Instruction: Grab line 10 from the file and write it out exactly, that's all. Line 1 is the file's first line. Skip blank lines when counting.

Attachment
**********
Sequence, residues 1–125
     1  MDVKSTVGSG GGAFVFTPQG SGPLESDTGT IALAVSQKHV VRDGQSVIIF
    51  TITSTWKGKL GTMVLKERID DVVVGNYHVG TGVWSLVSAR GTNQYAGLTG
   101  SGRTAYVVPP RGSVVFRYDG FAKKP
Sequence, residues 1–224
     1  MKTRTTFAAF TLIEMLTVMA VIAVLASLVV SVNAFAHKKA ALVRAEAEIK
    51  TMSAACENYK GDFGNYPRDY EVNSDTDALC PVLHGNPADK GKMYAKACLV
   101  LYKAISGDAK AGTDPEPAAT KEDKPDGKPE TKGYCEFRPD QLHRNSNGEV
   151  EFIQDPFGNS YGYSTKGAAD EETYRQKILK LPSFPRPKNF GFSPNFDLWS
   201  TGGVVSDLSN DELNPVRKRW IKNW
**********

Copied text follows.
   201  TGGVVSDLSN DELNPVRKRW IKNW